How artists can support the global transformation towards sustainability
Dance, a form of nonverbal communication, is inherent to human nature. But is it fulfilling its potential in our world today? In 2007, this question prompted Benedikt to pursue her academic education alongside her artistic career. Through her daily commute between the creative and academic worlds, she became increasingly interested in exploring the potential of art if it was taken out of traditional parameters and connected to other disciplines.
At the International Institute for Applied Systems Analysis (IIASA), she explored how partnerships between artists and scientists can effectively support sustainability transformations for over five years. While developing and presenting artistically innovative, impact-driven art projects with dozens of artists and scientists worldwide, she has developed a framework for artists to collaborate with scientists to support a cultural shift toward sustainability.
In 2017, IIASA published The Art of Systems Analysis, the first publication co-authored by Benedikt, the Dutch composer Merlijn Twaalfhoven, and the Canadian playwright Chantal Bilodeau.
In 2020, Benedikt was the lead author of Science and Art for Life's Sake - How Partnerships between Artists and Scientists Can Support the Sustainability Transformation, the first extensive report on the science-art-sustainability interface. It establishes the intellectual foundation for science and art collaboration and explores why such a partnership is worth pursuing in the first place. It provides a detailed description of the creative process used to investigate how the performing arts can partner with science to tackle a vast range of topics, from resource depletion to biodiversity loss, from game theory to climate change, and mechanisms of cooperation to migration. Creating these works has yielded a framework and methodology for artists and scientists to work together. Simultaneously appealing to reason and emotion, the framework is designed to develop active learning experiences that help us understand the complexity of and ethical dilemmas inherent to our challenges, question deeply held beliefs, inspire better-informed decision-making, and generate new solutions while telling inspiring stories.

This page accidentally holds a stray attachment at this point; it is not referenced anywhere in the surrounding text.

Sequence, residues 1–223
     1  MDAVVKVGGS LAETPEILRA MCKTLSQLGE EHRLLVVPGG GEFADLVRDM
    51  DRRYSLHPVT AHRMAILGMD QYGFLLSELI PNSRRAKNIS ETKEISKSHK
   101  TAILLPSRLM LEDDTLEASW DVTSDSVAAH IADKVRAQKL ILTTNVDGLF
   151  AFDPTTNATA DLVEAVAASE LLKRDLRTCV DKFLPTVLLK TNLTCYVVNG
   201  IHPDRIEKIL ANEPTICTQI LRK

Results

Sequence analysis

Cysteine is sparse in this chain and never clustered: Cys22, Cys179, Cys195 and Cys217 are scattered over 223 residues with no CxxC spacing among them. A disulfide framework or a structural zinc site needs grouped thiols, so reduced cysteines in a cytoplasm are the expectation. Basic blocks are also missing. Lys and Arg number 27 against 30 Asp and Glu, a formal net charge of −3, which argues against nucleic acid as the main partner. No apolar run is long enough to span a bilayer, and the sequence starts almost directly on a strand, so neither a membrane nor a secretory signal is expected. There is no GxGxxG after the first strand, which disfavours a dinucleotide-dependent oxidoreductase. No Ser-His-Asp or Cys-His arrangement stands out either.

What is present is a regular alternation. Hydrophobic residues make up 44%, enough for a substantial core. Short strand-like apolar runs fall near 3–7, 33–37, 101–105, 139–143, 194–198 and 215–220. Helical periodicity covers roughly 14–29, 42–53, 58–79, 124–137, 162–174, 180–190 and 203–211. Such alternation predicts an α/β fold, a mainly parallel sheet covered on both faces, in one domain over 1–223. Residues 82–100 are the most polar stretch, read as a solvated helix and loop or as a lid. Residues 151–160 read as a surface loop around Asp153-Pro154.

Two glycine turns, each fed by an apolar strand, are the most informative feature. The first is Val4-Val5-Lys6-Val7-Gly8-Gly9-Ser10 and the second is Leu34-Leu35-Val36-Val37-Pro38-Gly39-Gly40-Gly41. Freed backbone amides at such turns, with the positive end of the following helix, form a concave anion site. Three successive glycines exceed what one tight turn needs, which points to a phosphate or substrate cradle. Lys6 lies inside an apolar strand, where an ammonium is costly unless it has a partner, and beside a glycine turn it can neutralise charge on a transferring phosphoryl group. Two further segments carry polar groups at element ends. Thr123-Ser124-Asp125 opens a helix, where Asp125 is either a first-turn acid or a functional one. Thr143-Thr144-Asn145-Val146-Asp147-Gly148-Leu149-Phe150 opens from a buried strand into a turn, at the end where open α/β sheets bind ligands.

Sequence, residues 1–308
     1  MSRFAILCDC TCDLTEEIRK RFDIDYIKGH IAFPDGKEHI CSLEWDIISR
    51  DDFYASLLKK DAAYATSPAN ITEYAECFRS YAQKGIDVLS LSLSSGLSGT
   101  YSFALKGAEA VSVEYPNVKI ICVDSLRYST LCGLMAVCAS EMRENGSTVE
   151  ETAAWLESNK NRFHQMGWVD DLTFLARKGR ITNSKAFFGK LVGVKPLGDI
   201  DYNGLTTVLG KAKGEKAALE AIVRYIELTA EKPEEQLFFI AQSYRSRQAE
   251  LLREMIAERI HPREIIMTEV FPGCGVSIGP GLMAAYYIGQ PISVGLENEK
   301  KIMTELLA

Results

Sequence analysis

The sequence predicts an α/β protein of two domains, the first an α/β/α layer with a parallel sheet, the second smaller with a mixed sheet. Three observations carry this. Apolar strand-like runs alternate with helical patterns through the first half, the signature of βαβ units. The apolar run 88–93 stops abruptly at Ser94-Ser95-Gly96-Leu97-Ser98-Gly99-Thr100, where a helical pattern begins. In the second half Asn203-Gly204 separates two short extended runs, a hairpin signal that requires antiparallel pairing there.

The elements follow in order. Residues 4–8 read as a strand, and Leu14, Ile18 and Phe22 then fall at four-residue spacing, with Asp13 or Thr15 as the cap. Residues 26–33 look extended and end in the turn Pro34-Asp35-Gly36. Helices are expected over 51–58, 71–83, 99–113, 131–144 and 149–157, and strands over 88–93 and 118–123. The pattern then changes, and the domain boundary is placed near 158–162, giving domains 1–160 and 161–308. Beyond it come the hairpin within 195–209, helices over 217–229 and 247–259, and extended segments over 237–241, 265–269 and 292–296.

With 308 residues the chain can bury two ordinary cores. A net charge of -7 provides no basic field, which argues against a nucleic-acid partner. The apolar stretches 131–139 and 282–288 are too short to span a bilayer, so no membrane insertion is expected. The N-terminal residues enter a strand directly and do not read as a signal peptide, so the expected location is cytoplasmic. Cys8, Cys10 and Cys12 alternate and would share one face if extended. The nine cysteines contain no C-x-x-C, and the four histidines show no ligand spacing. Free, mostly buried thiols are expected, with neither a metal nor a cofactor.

In the climate podcast produced by the news magazine profil (2022), Benedikt analyses why established performing arts institutions have so far barely responded to the climate crisis and existential threats more generally and urges established art institutions to join the quest to imagine and support that transition toward a more sustainable world for future generations.
In 2023, Benedikt was one of twenty authors from around the world who contributed to the first academic volume on artistic engagement with the climate crisis, published by The Drama Review (Cambridge University Press).